Alcohol is omnipresent across the history of modern Britain. The beginning of the Victorian era coincided with the rise of the temperance movement, an influential campaign for social reform that opposed the pervasiveness of heavy drinking in British society.1 The political conflict over drink peaked during the late Victorian and Edwardian eras, eventually culminating in the implementation of the most far-reaching regulations on the liquor trade during the First World War. The policies of the Central Control Board (CCB), including the imposition of higher beverage duties and reduced licensing hours, were widely perceived to be successful in diminishing the problem of drunkenness.2 While many other parts of the Western world proceeded to implement a national prohibition on the sale of alcohol, most notably in the United States with the passage of the eighteenth amendment, such reforms were seen to be unnecessarily disruptive in Britain following the demonstration that the destructive impact of drink could be mitigated by controlling the sale of alcohol instead of banning it.3 This established narrative of the British experience with alcohol framed the rest of the century as a success story in rational alcohol policies and the scientization of harm reduction strategies, coinciding with the diminishing significance of the Victorian temperance movement and its uncompromising support for prohibition.4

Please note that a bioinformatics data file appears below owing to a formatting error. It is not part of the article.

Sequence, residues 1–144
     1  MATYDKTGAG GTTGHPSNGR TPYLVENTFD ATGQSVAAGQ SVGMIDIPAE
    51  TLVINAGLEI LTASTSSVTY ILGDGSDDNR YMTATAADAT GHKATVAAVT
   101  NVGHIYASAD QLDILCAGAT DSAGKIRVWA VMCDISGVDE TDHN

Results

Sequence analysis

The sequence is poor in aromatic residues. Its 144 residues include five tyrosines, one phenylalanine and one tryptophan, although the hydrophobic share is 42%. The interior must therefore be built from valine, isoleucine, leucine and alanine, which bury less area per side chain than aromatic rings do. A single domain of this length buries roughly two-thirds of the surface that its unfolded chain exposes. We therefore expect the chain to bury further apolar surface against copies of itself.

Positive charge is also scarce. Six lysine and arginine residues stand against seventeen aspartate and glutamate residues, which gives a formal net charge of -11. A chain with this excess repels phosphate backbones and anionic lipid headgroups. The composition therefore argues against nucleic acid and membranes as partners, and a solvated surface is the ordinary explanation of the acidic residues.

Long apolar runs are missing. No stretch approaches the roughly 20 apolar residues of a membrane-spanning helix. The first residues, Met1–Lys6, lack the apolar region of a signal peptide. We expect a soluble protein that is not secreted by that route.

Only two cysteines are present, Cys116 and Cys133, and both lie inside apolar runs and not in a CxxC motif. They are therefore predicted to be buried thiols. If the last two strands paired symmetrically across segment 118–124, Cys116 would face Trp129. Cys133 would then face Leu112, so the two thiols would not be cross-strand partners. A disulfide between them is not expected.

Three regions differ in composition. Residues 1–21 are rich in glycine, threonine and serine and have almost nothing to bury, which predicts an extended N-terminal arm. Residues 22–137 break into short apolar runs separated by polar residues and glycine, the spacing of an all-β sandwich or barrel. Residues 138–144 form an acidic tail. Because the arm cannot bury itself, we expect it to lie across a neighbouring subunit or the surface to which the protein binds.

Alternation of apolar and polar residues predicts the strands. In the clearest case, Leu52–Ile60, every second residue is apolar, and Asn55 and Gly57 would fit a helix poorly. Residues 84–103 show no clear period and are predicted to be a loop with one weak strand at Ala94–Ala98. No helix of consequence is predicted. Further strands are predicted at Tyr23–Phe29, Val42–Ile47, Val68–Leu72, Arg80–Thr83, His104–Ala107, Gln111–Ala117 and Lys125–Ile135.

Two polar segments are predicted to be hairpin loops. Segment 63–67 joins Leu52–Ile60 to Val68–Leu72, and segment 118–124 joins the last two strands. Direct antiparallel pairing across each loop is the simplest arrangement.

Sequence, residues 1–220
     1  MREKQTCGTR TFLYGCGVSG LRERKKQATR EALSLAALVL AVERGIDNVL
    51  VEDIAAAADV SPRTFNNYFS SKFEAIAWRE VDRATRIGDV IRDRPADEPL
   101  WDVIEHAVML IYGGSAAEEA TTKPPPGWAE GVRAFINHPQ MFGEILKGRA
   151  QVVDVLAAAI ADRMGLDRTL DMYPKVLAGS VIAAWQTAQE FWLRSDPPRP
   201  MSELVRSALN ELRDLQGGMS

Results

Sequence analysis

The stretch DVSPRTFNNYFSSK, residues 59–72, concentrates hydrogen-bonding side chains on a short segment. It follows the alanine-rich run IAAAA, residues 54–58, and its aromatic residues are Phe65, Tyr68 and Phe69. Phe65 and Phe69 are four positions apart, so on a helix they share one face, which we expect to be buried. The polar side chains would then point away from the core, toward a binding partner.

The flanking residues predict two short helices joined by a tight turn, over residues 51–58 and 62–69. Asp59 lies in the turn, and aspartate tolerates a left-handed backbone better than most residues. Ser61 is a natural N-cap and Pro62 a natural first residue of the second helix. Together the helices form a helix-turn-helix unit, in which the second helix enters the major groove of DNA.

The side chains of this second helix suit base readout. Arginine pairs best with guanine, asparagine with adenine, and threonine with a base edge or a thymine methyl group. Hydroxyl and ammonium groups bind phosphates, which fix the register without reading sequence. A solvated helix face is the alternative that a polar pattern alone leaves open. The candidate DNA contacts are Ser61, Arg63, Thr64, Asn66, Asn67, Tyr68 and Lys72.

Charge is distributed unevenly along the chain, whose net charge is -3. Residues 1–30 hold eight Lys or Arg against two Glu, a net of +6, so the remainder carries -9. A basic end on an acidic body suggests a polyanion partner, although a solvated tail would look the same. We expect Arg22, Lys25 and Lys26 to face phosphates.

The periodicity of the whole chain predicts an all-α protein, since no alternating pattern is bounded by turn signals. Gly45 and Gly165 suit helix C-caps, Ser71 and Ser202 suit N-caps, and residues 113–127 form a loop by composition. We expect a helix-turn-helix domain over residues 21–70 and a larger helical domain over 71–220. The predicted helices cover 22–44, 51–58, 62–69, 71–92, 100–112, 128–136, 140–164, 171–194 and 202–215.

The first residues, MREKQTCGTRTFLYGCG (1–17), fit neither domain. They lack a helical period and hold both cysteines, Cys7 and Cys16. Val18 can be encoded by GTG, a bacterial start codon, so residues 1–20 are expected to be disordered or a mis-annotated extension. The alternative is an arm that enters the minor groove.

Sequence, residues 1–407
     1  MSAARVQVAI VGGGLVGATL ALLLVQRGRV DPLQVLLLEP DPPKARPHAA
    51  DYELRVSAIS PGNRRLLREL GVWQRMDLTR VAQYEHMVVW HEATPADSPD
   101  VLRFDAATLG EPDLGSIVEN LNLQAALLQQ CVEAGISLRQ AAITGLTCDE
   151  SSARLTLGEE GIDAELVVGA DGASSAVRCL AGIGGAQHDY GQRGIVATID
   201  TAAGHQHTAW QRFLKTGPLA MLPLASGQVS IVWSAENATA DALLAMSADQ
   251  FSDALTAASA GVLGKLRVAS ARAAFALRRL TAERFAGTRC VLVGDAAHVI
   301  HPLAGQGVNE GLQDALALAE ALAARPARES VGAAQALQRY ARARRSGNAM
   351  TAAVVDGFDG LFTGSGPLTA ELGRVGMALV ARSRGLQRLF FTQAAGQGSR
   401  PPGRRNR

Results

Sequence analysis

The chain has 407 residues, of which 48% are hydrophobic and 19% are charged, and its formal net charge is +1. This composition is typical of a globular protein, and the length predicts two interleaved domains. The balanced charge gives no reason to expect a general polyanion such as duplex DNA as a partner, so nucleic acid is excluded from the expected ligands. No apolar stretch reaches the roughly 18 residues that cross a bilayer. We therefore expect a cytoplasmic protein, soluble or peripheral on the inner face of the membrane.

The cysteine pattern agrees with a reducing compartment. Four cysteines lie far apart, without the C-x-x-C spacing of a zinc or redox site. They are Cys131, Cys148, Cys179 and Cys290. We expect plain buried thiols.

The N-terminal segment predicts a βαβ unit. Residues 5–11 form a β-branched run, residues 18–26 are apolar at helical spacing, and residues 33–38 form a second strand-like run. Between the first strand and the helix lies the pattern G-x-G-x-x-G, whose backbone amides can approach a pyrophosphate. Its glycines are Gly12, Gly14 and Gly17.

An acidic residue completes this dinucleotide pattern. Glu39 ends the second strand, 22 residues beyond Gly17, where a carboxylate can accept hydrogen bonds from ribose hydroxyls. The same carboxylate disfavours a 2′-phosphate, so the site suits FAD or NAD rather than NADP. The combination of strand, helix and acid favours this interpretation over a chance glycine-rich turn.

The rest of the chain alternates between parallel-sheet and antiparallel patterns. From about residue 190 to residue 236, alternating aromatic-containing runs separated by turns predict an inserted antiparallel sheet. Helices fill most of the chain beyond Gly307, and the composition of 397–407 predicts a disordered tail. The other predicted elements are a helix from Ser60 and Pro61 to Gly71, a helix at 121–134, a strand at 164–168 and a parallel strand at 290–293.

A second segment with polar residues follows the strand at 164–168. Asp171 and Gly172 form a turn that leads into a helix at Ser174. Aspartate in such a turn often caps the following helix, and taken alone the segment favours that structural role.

This article reviews recent developments in the historiography of the politics of alcohol in twentieth-century Britain, concerning which three broad observations can be made. First, historians have stressed that continuity was as significant as change over the course of the nineteenth and twentieth centuries. Whilst older accounts supposed that the influence of the temperance movement diminished after the First World War, later accounts have instead argued that temperance ideas continued to shape the debate surrounding drink across the twentieth century. The most recent literature emphasizes the importance of the discursive legacy of temperance morality in the modern public health approaches to alcohol. Second, the historiography has been strongly associated with the debates surrounding alcohol consumption and harm in Britain today. The current scholarly interest in the history of drink in Britain is largely attributable to the resurgent concerns over alcohol misuse that have emerged since the 1990s. Many of the accounts reviewed here have been produced to inform and contextualize the present in terms of the past. Third, an exploration of the literature reveals that the history of alcohol has always been much more than just about alcohol itself. Drink is understood to be a useful microcosm to highlight a multiplicity of historical themes, as controversies surrounding alcohol were often at the heart of wider developments. A comprehensive account of social and cultural change in modern Britain would, therefore, be incomplete without accounting for the far-reaching significance of drink within such processes.